Q. We sometimes have patients come in to our urgent care center with an insurance payor that we do not have a contract with. We do not want to turn them away, but we do want to guarantee our payment. Do we have to submit a claim to the insurance company in such cases? Currently, we offer these patients a self-pay discount, and they pay us in full at the time of service.
A. Typically, contracts with payors forbid the practice of requiring payment from a patient except for copayments, deductibles, and noncovered services. However, if no contract exists, the practice has no contractual obligations. Thus, if a provider has no contract with a payor, then the provider is free to charge the patient directly for services provided. The provider does not have to submit a claim to the payor, but many practices will submit a claim as a courtesy to patients.
Q. How do we handle billing for a patient who has insurance with which we are contracted, but the patient does not want us to bill the payor?
A. This situation is a little complicated. It is likely that the contract with the payor states that the practice must bill all claims to the payor. If you know that the patient has insurance but the patient instructs you to not bill their insurance, you may have the patient sign a document that states that they had insurance and that you have offered to bill their insurance but that they do not want insurance billed for the visit. If you decide to implement this process, you should get formal legal advice from an experienced health-care attorney before implementing this policy.
Q. I would like to offer all patients who are activeduty or retired members of the military a 25% discount to make up for the fact that we do not accept TRICARE. I have read that Medicare will claim that it is entitled to the same discount. Is that true? How can I get around this if I do not want to have any government contracts?
A. If a 25% discount is still higher than Medicare rates, Medicare should not have any issues with this discount. If the discount, however, results in rates below those of Medicare, theoretically Medicare might object. It is a commonly held view that if your practice participates in the Medicare program, then you can never offer anyone a rate lower than that of Medicare. Many billers hold this as a strict, no-exceptions rule. However, historically, the Centers for Medicare & Medicaid Services (CMS) has been more lenient in enforcement of this regulation. In any case, TRICARE contracted rates are generally 90% of Medicare rates, so military folks already receive care at rates lower than those of Medicare. In addition, many payors in some states (California, for example) have contracted rates that are less than those on Medicare fee schedules.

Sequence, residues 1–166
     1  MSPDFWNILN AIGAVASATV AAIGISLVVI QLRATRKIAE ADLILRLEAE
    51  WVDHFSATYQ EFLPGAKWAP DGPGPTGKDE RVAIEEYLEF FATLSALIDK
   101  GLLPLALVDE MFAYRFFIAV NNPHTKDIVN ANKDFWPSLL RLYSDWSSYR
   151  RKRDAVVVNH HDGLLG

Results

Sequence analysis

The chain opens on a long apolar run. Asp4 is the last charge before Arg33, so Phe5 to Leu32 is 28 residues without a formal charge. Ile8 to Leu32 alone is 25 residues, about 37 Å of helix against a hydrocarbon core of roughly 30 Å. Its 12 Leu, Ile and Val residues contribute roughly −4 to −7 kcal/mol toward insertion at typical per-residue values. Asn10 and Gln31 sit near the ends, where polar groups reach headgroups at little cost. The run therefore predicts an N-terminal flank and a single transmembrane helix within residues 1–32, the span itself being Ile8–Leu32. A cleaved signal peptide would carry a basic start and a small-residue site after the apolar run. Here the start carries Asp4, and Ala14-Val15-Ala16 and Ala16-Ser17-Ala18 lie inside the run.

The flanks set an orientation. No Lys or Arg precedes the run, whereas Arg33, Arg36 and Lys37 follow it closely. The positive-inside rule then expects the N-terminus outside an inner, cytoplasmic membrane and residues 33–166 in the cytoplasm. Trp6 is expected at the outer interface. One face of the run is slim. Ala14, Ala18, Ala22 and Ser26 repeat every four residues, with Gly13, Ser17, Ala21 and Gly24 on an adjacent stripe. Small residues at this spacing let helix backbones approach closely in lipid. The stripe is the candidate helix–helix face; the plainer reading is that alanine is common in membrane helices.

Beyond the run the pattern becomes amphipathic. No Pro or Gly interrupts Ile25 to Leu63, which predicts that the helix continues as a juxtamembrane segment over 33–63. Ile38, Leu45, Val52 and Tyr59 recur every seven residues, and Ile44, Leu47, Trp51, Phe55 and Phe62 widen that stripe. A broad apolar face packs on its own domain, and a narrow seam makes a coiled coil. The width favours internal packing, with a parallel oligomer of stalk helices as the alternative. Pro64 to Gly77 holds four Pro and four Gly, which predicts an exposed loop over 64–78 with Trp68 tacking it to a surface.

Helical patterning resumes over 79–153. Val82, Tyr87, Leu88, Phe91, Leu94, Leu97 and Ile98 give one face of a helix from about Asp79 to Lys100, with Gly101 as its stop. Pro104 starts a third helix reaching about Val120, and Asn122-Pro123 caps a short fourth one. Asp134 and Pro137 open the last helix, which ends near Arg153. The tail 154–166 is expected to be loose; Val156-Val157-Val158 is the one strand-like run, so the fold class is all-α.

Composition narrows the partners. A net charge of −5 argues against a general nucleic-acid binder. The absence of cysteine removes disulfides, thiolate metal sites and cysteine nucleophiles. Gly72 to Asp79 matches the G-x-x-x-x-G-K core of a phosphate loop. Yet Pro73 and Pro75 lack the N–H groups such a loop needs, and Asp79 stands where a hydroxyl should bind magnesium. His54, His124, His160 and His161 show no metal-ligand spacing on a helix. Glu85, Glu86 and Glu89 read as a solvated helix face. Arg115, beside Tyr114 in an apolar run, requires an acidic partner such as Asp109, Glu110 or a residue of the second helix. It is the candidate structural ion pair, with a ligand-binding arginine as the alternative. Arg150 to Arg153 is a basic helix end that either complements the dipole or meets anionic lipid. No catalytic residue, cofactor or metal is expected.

Q. We had a physician leave our practice before signing off on some of his charts. Can we still submit claims for these cases without the signature and just explain what happened? If not, what are our options?
A. I would not recommend sending the claims without a signature. Another physician within the group may sign on his behalf, but an explanation is required, such as this one: “Chart signed by John Jones, MD. David Smith, MD, relocated to California on 12/1/2014 and was unavailable to sign this medical record.”
Q. One of our physicians was out of the office for a week and did not sign off on her charts. Is there a time limit for signing charts?
A. As a general rule, providers should not add signatures to the medical record beyond the short delay that occurs during the transcription process, which is generally 24 to 72 hours. Medicare guidelines (Medicare Program Integrity Manual, Publication 100-08, available from http://www.cms.gov/Regulations-and-Guidance/Guidance/Manuals/Internet-Only-Manuals-IOMs-Items/CMS019033.html) state:
“Late signatures may not be added to the record (beyond the short delay that occurs during the transcription process). Medicare does not accept retroactive orders. If the provider’s signature is missing from the medical record, submit an attestation statement from the author of the medical record.
“If the order is unsigned, you may submit progress notes showing intent to order the tests. The progress notes must specify what tests you ordered. A note stating ‘ordering lab’ is not sufficient. If the orders and the progress notes are unsigned, your facility or practice will be assessed an error, which may involve recoupment of an overpayment.”
DAVID STERN, MD (Practice Velocity)